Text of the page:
‘We call it the old workhorse’: The Archer Field PC still doesn’t miss a beat

Archer Field PC

In 2009, Microsoft released Windows 7 and two entrepreneurs launched a small ride-hailing startup called UberCab. It was also the year Mike Jablonski received the Archer Field PC, which was released in 2006.

It’s been nearly a decade since Jablonski got his hands on the Archer. Today, Windows 10 usage is set to overtake Windows 7, Uber is targeting a $120 billion IPO, and Jablonski has used the Archer “many, many, many times” and “as recently as last week,” he said. “It works just like the day we got it. We call it the old workhorse. It has treated us very, very well.”

The world has changed. However, the Archer is dependable even as repair services end for the device at the onset of 2019.

Jablonski and his business partner, Cindy Johnson, own NR Systems, a Logan-based biological and environmental consulting firm founded in 1990. The firm specializes in wetland delineation and mitigation, which is work to identify wetland boundaries and offset human-caused impacts to vital wetlands. NR Systems recently used the Archer for a rare plant survey. The company created track logs with the Archer’s GPS to document the work.

Jablonski said that over the past nine years he and Johnson have subjected the Archer to extremely harsh conditions. “We’ve raked it through muck and mud,” he added.

“There’s no indication it’s going to fail,” Jablonski said. “We’re really impressed at how well it has performed over nine years in all seasons. It has exceeded expectations for longevity.”

Archer Field PC review

Nate Holman, one of the engineers behind the Archer, said it was designed that way.

“The primary goal was to design the most rugged handheld yet,” Holman said. “Durability and reliability are two things we really thought about. It’s not about one drop to concrete – but drop after drop after drop. It can survive a lot of abuse.”

Juniper Systems gifted the Archer to NR Systems after the firm volunteered to test Juniper Systems’ Everglade software, a wetland delineation application that collected data and automated forms from the United States Army Corps of Engineers.

Early on, NR Systems upgraded the Archer with the Hemisphere GPS XF101 receiver, which delivered sub-meter GPS and real-time, post-processed position data on the Archer. Otherwise, Jablonski said, the standard Archer exemplified the essential features required for field data collection.

“Reliability is No. 1,” Jablonski said. “Then long battery life in the field, easy-to-swap batteries, and easy-to-charge batteries.” He added that the Archer’s reliability, ruggedness, and ergonomic shape make it stand out.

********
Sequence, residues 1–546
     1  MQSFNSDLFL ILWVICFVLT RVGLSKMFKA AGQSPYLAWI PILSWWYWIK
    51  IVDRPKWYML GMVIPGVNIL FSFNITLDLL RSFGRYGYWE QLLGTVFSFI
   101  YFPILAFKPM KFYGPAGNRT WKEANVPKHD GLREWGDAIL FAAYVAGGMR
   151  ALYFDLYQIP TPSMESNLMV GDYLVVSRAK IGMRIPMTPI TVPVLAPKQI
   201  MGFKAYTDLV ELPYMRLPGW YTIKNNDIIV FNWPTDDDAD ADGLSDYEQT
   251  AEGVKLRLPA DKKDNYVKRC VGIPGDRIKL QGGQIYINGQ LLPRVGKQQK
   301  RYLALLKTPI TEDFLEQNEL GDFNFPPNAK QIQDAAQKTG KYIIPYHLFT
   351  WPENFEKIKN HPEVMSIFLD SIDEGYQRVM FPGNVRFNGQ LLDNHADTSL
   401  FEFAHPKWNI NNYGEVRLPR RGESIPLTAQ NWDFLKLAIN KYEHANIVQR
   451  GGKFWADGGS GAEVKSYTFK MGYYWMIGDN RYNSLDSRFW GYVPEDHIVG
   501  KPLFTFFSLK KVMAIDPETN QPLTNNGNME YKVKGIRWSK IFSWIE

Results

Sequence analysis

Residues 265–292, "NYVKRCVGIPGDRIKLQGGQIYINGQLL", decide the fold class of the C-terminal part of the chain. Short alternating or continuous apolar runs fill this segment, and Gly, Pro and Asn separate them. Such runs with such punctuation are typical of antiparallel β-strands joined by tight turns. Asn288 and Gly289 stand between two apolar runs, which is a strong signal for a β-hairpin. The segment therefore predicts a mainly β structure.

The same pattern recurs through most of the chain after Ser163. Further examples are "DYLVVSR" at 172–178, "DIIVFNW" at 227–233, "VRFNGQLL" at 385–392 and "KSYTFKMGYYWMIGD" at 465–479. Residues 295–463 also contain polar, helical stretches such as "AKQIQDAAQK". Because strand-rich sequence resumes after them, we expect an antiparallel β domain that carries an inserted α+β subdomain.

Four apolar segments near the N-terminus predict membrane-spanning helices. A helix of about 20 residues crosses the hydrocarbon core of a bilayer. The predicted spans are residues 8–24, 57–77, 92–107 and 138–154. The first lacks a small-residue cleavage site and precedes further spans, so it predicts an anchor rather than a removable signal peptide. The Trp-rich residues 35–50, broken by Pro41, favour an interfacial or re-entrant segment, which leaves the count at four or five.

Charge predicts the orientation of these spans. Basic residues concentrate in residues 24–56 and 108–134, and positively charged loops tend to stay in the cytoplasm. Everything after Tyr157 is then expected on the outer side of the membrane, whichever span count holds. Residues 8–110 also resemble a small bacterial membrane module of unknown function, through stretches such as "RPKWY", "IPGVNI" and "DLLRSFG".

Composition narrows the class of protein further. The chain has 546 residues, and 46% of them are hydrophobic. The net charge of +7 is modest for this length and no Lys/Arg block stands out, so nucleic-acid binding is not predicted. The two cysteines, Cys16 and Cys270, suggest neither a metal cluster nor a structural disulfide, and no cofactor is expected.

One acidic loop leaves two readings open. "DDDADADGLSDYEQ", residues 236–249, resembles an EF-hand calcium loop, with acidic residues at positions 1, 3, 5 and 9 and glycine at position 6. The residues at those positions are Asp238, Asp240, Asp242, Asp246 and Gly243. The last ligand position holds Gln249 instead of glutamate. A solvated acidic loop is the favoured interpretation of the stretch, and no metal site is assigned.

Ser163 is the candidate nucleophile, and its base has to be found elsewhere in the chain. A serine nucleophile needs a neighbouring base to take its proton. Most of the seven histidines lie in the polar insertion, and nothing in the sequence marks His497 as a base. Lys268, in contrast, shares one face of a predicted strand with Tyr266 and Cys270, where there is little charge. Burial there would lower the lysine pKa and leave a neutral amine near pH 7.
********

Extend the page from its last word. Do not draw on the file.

Behind the ergonomics of the Mesa 2 Rugged Tablet

“It’s really easy to hold in one hand,” Jablonski said. “I couldn’t possibly imagine how you could improve it.”

The Archer, rated IP67 and MIL-STD-810G, came equipped with a magnesium case and impact-absorbing rubber over molds. The Archer’s curved, ergonomic shape packed a 20-hour battery life – swappable batteries extended its running life almost indefinitely – and a sunlight readable display. It ran Windows Mobile 6.1, the foremost operating system among rugged data collectors in last decade.

With Mobile Connect, Juniper Systems continues support for Windows Mobile users

The Archer’s successor, the Archer 2 Rugged Handheld, and the rest of Juniper Systems’ rugged lineup of mobile computers and tablets were designed according to that popular mandate from its customers.

The Archer 2, Mesa 2 Rugged Tablet, and Allegro 2 Rugged Handheld are rated IP68 and MIL-STD-810G. Each device contains an all-day battery, sunlight-readable display, and possible customizations include hot-swappable batteries.

Right now, however, NR Systems uses the Archer with ArcPad and ArcGIS by Esri to do fieldwork and data management – building maps and spatial databases with points, lines, and polygons collected on the Archer. While a new device could be on the horizon for NR Systems – updating to Collector for ArcGIS is a priority for the firm – the Archer continues to turn on each workday.

“We want the products to perform,” Holman said. “They need to last long to justify the premium price and support offered by Juniper Systems, so we’ve added more value to help people get their jobs done.”

Still, Jablonski said he’s surprised by the longevity.

“We didn’t expect it to last nine years,” he said. “We’d be bummed out if it stopped working, but we’d go, ‘It sure did last a long time.’”

For more information about Juniper Systems’ lineup of rugged mobile computers and tablets, contact us here. Visit Juniper Systems online.


  1. Do you guys have a distributor in central California? I’d like a face to face conversation and perhaps a demo. I’m located in Visalia.

  2. Great post, Jackson. Juniper Systems has a history of awesome devices! We love the Mesa 2!

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